Too bad, then, that the unconscious is such a powerful element in our psyches so powerful that it refuses to be tricked by a series of white noises from just a puny, sometimes frustrated and contemptuous consciousness. A person can repeat any affirmation they want that is opposite to something that is absolutely missing in their experience. They can sing, chant, demand, cajole, or whine the affirmation out loud or as an internal vocalization.

Some people will get before a mirror and, with an Oscar-winning performance, insist the affirmation they are delivering is a truism in the ongoing process of being made manifest. The unconscious, hearing this drivel, responds with nary a yearning or a yawn as it has already determined that it (the unconscious) a.) Arranges and establishes subjective realities for the individual, and, b.) Rejects any pap from the outside   including the conscious that is not consistent with already-established, unconscious truths.

Most radio folks have already heard the admonition: If you tell em enough times, they will believe it. This is dangerous and extremely expensive nonsense. That is, unless the targeted individual is already in a position where the message is acceptable.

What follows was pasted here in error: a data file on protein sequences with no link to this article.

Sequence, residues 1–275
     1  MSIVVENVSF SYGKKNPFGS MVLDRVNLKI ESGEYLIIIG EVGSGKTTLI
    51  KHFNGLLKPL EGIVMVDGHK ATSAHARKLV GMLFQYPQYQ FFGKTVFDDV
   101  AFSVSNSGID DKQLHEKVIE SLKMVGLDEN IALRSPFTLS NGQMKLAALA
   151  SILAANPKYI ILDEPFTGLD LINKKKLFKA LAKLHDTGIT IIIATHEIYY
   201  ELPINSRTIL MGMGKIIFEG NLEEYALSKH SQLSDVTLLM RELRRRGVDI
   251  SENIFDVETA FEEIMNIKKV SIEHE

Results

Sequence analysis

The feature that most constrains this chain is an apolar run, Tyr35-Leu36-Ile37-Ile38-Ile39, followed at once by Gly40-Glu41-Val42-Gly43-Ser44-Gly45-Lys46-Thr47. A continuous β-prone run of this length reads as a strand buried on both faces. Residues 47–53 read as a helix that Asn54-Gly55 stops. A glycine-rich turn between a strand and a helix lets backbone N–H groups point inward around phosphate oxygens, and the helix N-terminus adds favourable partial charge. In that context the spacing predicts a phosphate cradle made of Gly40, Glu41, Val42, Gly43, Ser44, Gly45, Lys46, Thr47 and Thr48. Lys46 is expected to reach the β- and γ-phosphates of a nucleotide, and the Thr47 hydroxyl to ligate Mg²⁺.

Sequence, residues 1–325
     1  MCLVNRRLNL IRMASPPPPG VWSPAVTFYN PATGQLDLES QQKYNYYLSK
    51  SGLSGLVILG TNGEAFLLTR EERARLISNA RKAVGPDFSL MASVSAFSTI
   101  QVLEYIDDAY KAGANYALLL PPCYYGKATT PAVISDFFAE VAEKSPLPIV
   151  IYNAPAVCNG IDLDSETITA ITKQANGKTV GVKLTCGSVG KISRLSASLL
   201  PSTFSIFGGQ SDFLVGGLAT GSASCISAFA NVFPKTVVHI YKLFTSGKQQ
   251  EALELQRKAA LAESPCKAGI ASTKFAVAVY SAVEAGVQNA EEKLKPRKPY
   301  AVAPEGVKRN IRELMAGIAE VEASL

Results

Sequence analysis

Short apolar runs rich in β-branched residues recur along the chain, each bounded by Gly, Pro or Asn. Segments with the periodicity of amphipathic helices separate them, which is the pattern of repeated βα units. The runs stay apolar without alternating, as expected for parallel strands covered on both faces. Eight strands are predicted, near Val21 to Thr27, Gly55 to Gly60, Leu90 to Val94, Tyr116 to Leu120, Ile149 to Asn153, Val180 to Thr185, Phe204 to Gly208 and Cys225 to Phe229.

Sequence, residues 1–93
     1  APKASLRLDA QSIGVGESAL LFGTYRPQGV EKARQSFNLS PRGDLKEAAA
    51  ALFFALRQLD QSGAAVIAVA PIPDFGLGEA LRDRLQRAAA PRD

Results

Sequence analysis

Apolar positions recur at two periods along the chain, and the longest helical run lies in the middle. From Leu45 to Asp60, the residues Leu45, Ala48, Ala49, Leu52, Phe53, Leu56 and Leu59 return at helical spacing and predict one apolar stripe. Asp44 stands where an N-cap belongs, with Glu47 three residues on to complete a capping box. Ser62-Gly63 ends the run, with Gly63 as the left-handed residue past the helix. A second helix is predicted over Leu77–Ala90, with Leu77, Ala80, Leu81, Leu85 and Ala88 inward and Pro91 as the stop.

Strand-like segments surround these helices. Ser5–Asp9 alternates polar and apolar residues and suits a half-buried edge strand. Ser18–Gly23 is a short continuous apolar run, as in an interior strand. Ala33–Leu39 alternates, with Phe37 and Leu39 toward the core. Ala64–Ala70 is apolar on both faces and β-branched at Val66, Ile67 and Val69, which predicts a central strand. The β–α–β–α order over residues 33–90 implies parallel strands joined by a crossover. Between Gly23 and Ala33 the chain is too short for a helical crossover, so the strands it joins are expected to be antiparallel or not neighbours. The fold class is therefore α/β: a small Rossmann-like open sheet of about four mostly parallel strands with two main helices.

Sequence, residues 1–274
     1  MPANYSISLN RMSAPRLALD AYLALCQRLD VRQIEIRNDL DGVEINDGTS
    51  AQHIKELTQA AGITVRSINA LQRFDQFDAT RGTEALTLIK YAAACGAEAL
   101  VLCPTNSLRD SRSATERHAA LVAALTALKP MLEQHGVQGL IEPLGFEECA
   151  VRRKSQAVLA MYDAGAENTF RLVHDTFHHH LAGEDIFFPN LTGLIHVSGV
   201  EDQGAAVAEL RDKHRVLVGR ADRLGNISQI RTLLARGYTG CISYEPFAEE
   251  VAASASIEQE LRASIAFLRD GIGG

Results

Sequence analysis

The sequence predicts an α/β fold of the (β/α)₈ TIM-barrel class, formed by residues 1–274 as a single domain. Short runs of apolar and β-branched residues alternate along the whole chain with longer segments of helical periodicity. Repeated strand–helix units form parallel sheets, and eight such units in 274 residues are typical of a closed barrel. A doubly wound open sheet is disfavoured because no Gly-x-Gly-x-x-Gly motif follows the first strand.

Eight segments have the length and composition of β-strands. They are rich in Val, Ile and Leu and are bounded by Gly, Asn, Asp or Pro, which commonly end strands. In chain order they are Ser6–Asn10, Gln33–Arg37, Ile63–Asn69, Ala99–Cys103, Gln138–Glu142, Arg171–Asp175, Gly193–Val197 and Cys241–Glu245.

The minds of children are, of course, easy targets-of-opportunity and can be picked off without fear of recourse or complaint. Before the age of seven, most youngsters have already had their cultures, their religions, their beliefs about themselves and the world, their values, and many of the behaviors expected of them implanted and locked down. Changing any of these elements takes a combination of overwhelming evidence, emotional involvement and a willingness to entertain information that will (later) seem horribly counter intuitive. Another option is in skilled interventions and the application of very precise change-strategies not something to which everybody has access.